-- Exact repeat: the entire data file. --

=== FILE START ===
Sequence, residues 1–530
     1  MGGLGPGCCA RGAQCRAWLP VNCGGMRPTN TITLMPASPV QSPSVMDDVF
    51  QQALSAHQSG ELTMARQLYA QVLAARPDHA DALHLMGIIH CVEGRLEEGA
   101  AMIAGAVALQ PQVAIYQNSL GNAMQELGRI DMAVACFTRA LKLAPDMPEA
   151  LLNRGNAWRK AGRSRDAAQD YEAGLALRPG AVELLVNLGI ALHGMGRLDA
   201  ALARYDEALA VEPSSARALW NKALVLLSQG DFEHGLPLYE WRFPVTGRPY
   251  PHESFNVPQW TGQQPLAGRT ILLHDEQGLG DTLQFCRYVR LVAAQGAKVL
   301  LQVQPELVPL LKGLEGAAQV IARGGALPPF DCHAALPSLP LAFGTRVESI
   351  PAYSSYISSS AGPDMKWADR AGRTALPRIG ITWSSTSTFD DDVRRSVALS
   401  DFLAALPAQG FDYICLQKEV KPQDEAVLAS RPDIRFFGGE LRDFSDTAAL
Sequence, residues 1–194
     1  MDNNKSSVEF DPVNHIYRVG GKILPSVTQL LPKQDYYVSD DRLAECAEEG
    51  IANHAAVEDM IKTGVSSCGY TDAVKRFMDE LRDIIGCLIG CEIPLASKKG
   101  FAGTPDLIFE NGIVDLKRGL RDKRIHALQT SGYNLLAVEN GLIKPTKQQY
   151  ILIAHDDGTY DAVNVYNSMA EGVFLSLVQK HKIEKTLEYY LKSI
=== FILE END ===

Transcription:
Sequence, residues 1–530
     1  MGGLGPGCCA RGAQCRAWLP VNCGGMRPTN TITLMPASPV QSPSVMDDVF
    51  QQALSAHQSG ELTMARQLYA QVLAARPDHA DALHLMGIIH CVEGRLEEGA
   101  AMIAGAVALQ PQVAIYQNSL GNAMQELGRI DMAVACFTRA LKLAPDMPEA
   151  LLNRGNAWRK AGRSRDAAQD YEAGLALRPG AVELLVNLGI ALHGMGRLDA
   201  ALARYDEALA VEPSSARALW NKALVLLSQG DFEHGLPLYE WRFPVTGRPY
   251  PHESFNVPQW TGQQPLAGRT ILLHDEQGLG DTLQFCRYVR LVAAQGAKVL
   301  LQVQPELVPL LKGLEGAAQV IARGGALPPF DCHAALPSLP LAFGTRVESI
   351  PAYSSYISSS AGPDMKWADR AGRTALPRIG ITWSSTSTFD DDVRRSVALS
   401  DFLAALPAQG FDYICLQKEV KPQDEAVLAS RPDIRFFGGE LRDFSDTAAL
Sequence, residues 1–194
     1  MDNNKSSVEF DPVNHIYRVG GKILPSVTQL LPKQDYYVSD DRLAECAEEG
    51  IANHAAVEDM IKTGVSSCGY TDAVKRFMDE LRDIIGCLIG CEIPLASKKG
   101  FAGTPDLIFE NGIVDLKRGL RDKRIHALQT SGYNLLAVEN GLIKPTKQQY
   151  ILIAHDDGTY DAVNVYNSMA EGVFLSLVQK HKIEKTLEYY LKSI